Power and impotence of number

100,000 dead, a terrible number. A newspaper published the names, not all, but a thousand, with a few dates, a list in small letters, a shock, an epitaph. That was in May 2020 in the USA, a fan of the “New York Times” against Trump’s downplaying of the Corona, in view of 100,000 American Covid victims.

100,000 dead. A terrible number, now it has been reached in Germany. The “Süddeutsche” filled four pages with 100,000 crosses and printed 15 short memorials of relatives. The Tagesspiegel published dozens of memorials under the title “These people are missing” in December 2020, and since then one candle for every dead person.

Behind every single number there is a person, a name, a face, a fate, mourners, family, friends. Corona statisticians counted one million deaths worldwide in September 2020, two million in January 2021, and now over five million. The front runners are the USA, Brazil, India and Russia. Front runner, a macabre word.

Death remains a taboo

We got used to numbers in the pandemic. Corona, this invisible threat, is made visible with lists, curves, tables, and we rationalize and ration the irrational virus. But no matter how hard we try, we cannot fix it with the current incidence, the reproductive value, the hospitalization value, the vaccination rates. Still, the day starts with us taking a look. When a round zero is reached, we are shocked by the waypoint and pause for a moment.

Numbers are both concrete and abstract, they make you dizzy. The higher they are, the more they exceed imagination, lead to anonymity, create distance. We don’t know how to help each other. The outrage over Jens Spahn’s 3G message “Vaccinated, recovered, died” is great: It is better to be warned in the news that too many sick people are coming to the intensive care unit. Death as the next stop remains a taboo, hundreds of thousands of times.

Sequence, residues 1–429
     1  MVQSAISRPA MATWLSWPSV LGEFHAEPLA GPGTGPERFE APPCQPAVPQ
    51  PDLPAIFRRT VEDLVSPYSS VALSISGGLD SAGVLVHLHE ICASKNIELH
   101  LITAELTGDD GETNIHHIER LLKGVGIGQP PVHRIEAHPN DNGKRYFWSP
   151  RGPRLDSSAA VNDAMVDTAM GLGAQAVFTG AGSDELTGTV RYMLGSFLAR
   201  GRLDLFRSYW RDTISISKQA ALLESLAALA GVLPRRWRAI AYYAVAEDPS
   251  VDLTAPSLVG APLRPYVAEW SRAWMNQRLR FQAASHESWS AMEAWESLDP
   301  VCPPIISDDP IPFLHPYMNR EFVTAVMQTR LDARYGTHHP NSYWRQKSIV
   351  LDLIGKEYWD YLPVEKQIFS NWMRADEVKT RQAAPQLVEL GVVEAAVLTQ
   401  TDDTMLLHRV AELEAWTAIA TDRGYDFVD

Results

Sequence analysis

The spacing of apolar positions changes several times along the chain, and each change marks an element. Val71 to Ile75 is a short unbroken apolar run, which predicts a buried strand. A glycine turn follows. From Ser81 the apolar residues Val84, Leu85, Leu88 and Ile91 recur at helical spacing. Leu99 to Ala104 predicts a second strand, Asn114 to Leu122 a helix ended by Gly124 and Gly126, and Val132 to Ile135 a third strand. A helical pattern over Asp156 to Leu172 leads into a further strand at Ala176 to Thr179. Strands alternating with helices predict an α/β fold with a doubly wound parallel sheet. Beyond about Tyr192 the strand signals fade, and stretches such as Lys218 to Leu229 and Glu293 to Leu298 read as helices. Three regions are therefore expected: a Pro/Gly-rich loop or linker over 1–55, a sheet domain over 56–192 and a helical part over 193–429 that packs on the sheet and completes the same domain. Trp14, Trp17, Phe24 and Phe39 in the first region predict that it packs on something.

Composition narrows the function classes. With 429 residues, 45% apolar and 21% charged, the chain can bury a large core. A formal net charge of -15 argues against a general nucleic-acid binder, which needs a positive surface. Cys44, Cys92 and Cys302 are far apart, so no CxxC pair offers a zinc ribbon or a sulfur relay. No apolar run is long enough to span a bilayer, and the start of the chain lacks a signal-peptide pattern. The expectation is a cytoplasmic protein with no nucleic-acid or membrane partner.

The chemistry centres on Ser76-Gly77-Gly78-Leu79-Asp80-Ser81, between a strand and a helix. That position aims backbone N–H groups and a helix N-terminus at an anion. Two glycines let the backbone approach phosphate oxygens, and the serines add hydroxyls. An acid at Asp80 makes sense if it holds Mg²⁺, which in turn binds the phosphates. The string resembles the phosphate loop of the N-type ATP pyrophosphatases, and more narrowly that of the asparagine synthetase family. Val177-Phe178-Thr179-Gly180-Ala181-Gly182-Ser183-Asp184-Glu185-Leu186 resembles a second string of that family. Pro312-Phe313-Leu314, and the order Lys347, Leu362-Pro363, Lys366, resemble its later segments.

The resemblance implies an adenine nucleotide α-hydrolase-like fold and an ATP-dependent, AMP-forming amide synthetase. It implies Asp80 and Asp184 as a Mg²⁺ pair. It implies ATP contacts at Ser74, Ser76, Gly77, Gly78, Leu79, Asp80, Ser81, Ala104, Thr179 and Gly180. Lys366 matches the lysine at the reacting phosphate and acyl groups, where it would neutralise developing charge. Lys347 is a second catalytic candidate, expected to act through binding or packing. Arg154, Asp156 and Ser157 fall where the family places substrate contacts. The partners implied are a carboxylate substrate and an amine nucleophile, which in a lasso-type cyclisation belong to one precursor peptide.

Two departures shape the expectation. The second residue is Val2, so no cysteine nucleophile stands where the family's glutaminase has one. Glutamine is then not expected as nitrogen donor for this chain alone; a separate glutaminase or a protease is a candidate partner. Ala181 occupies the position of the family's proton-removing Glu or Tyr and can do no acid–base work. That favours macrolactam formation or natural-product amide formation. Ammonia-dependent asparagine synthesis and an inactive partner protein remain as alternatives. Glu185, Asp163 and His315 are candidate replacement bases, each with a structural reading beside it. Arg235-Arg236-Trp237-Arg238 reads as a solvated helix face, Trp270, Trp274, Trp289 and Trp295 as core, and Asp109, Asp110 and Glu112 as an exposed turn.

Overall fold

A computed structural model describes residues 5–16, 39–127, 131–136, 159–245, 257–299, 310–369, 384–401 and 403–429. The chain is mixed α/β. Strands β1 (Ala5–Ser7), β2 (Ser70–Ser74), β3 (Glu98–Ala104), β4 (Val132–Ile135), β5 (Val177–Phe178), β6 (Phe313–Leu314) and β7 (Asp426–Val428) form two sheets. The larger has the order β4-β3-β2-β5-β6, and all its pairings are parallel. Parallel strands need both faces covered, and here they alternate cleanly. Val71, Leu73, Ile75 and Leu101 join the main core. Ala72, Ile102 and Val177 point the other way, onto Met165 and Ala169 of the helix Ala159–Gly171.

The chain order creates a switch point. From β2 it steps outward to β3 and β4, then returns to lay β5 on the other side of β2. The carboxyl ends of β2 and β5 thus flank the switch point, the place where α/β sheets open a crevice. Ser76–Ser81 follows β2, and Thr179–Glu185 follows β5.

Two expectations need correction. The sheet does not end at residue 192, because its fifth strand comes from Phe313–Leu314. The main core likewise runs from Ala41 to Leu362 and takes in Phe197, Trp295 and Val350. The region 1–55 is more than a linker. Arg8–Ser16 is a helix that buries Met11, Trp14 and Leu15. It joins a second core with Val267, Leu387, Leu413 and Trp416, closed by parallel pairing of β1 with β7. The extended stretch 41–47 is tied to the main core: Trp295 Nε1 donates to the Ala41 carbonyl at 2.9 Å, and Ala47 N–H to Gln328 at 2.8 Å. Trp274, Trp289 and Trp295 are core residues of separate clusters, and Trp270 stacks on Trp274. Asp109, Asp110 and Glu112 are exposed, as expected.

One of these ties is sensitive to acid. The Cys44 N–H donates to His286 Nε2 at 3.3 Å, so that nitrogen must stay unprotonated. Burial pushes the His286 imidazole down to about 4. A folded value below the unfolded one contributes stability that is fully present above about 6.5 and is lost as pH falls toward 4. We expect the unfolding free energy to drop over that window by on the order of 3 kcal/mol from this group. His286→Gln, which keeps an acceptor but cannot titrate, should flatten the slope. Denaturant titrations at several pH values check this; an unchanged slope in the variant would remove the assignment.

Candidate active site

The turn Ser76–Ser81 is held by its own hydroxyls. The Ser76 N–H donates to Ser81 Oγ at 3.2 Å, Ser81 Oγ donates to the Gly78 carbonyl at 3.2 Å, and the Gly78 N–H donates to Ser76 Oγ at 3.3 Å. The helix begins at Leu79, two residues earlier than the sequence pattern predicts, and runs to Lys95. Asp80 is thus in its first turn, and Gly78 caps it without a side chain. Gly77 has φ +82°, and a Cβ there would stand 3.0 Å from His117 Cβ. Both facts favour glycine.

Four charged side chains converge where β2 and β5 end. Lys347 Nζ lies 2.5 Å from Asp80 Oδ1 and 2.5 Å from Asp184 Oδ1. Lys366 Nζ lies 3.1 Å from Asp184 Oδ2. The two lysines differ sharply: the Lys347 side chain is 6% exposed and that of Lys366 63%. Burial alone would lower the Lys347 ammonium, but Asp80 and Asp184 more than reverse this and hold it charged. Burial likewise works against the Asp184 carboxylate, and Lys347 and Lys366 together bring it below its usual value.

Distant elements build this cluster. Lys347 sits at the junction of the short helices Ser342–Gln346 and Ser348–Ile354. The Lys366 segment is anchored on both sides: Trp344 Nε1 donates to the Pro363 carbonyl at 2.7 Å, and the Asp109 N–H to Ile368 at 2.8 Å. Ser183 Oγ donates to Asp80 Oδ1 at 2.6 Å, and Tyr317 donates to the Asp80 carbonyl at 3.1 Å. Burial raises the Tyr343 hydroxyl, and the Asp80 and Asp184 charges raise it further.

It is presumptuous to try to measure the victims with numbers

When it comes to death, disease, war and violence, power and impotence have always been close together. In the oldest play in the world, the “Persians” by Aeschylus, the names of the war victims are listed, not of their own but of the defeated people. A list as evidence of empathy. The names of the Holocaust victims in Yad Vashem and other memorials, the lists of the Vietnam victims, the Mediterranean refugees, they are gestures against forgetting, attempts to take back abstraction in the act of remembrance. To remember the dead by name means to give them dignity. Numbers are undignified.

We measure what and who we miss. In German, the word has a double meaning: Yes, it is presumptuous to want to depict the pandemic with numbers so that politics can get an overview, numerical control over death so that measures can be taken against it. But there is no other way. In the fourth wave, the numbers in Germany are increasing faster than ever. The Chancellor’s gloomy prognosis from September that there could be 19,200 newly infected people every day at Christmas has long been exceeded. Growing exponentially, the numbers gallop away and the politicians, we are all left behind.

Angela Merkel promised in March that she would not watch until there were 100,000 new infections every day. We are now at almost 70,000 a day. The number of Corona deaths in Berlin is currently 3790. These people are missing. When will the next round zero come, the next milestone? Death remains immeasurable.

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